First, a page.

The Commerce Department's Tariff Waiver Process Encourages Cronyism, Creates Shortages

U.S. Steel and other manufacturers are lobbying to block waivers, creating chaos along supply chains.


Aaron Josefczyk/REUTERS/Newscom

Cronyist steel manufacturers are helping to guide the Commerce Department's opaque system for determining which American companies get exemptions from a 25 percent tariff on imported steel. In the process, they are creating potential shortages and hiking prices along the supply chain.

Steel-consuming businesses are worried about the influence being exerted by domestic manufacturers such as U.S. Steel and Nucor, which have an economic incentive to limit the number of exemptions granted by the Commerce Department. The department allows steelmakers to comment on waiver applications but does not give steel-consuming businesses an opportunity to rebut those claims or to challenge the department's final decisions in court. With little transparency or due process, the entire waiver procedure is open to abuse.

"The current exclusion process is broken—it's opaque, unfair, and breathtakingly inconsistent," says Rep. Jackie Walorski (R-Ind.), whose office has conducted a review of the waiver applications granted and denied by the Commerce Department.

After the Trump administration imposed a 25 percent tariff on imported steel and a 10 percent tariff on imported aluminum, the Commerce Department began accepting applications from American businesses seeking exemptions from those tariffs, which can be granted if domestic supply is insufficient to meet a company's needs. When a company applies, there is a 30-day comment period that allows anyone, including competitors, to argue for or against the waiver. More than 20,000 waiver applications have been filed, but the department has made decisions on only about 1,100 of them.

Of the applications where decisions have been made, the Commerce Department has yet to approve a single application that prompted U.S. Steel or Nucor to raise an objection, according to Walorski.

In the 550 applications that have been denied, the department routinely provides no explanation for its decisions beyond stating that there is sufficient quantity and quality of domestic supply, or that the application was incomplete. The department provides no explanations of how it reached its decisions and it does not disclose its analysis, Walorski says.

The whole process seems to deliberately favor steelmakers over steel-consuming businesses. That shouldn't be surprising, since that's exactly what Trump's tariff policy does: punish anyone who buys steel in order to prop up domestic steel manufacturers. In more than 5,000 public comments reviewed by Walorski's office, U.S. Steel and Nucor were the two most prolific commenters.

Steel-consuming businesses believe those manufacturers are manipulating the process to limit exemptions.

"It's hard not to interpret that the Commerce Department wants domestic suppliers to have an edge," Daniel Shackell, vice president of Crown Cork & Seal, a Philadelphia-based manufacturer of metal packaging, tells the Associaed Press. The company has made 70 waiver requests to the Department of Commerce; so far, eight have been granted and 12 denied.

In testimony to the House Ways and Means Committee last week, the executive of a Texas-based pipeline builder said the process did not allow adequate time for businesses to respond to objections raised by U.S. Steel and other manufacturers. Once an application is submitted, there is little interaction between the government and the applicant, and there is no opportunity for businesses to "state their case," said Willie Chiang, vice president of Plains All American GP.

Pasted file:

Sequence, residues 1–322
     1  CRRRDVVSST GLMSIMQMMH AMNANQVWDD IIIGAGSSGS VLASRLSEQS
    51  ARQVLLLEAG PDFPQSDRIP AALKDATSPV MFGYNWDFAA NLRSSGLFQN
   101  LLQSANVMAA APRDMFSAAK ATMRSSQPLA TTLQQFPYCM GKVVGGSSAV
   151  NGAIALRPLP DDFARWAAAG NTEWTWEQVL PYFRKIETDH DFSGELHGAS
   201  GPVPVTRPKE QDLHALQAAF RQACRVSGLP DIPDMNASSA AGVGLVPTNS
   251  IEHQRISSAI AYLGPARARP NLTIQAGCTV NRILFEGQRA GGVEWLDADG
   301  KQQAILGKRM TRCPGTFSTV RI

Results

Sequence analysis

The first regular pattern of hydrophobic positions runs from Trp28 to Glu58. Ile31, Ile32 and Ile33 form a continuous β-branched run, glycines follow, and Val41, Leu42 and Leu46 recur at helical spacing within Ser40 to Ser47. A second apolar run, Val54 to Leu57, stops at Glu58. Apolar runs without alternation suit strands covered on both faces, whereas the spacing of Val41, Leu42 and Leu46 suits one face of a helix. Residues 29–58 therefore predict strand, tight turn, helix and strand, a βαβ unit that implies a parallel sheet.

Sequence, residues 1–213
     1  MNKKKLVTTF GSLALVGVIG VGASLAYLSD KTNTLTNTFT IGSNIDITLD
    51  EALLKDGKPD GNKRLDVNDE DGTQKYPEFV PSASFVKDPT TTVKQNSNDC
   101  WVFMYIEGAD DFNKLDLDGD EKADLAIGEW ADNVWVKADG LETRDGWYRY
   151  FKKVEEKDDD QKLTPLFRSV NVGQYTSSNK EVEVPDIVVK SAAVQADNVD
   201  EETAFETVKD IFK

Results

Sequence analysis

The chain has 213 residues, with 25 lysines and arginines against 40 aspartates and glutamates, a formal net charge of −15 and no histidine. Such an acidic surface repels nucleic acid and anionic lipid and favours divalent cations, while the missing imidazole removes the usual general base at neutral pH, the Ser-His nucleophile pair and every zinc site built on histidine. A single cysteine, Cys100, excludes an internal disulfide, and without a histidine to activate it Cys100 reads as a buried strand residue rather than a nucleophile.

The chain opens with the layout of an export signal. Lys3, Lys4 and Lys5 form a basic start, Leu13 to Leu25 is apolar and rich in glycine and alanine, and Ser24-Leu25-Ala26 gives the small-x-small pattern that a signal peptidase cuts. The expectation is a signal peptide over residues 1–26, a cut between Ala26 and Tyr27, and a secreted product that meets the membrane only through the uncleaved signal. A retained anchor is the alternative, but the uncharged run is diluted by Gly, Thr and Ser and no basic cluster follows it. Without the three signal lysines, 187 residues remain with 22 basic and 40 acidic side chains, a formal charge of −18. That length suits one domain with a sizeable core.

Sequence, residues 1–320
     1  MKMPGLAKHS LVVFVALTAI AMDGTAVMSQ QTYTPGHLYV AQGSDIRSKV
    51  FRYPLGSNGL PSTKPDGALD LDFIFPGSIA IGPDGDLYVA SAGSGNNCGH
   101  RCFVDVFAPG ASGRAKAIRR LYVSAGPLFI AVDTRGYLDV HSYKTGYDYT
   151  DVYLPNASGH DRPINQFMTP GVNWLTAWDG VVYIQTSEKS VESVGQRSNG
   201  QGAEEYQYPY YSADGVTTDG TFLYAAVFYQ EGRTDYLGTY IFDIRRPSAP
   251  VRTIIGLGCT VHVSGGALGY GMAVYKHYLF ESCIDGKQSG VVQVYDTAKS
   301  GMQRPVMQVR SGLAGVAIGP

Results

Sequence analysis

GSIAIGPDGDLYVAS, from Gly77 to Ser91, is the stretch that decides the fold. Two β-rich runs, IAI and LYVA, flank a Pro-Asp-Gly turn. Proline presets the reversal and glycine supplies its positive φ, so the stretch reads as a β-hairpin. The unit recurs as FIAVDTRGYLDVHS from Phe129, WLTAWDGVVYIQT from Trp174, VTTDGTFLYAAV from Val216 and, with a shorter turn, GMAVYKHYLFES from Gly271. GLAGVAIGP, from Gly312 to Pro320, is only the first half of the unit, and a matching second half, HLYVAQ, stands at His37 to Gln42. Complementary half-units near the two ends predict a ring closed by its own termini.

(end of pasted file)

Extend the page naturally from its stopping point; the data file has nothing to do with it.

Those are "due process flaws that do not exist with respect to most other government procedures," Chiang complained.

Out of more than 5,700 objections submitted in response to steel and aluminum exclusion requests, only 54 were posted before the end of the comment period, leaving businesses no opportunity to respond.

"There are major structural issues that are causing uneven outcomes," says Walorski. "The deck seems to be stacked toward one side right now and it needs to be rebalanced."

The confusion and cronyism on display in the tariff waiver process is not exactly unexpected. Shortly after the applications started coming in, an unnamed Commerce Department official told The Washington Post that the review process was "going to be so unbelievably random, and some companies are going to get screwed."

The companies getting screwed include more than just those that have waiver applications denied. With imported steel suddenly much more expensive, domestic suppliers are being overrun with orders and cannot meet demand. That's causing delays, shortages, and other supply chain problems.

"For us to get the raw plate material to fabricate it used to be we would order steel today and get the steel two months later. Now, it's five to six months," said Evan Morrison, vice president of Ohio Structures, Inc., tells the Akron Beacon Journal. The paper reports that these tariff-caused delays are affecting public projects, such as a major highway renovation near Columbus.

And so the Commerce Department is quite literally picking winners and losers. It's not all that different from what's happening to American farmers: Many of them stand to lose from a trade war with China, and some of those many are now supposed to receive a $12 billion bailout. Trump's tariffs are distorting the economy and extending the government's authority to decide which businesses succeed and which fail. Once upon a time, conservatives would have protested that.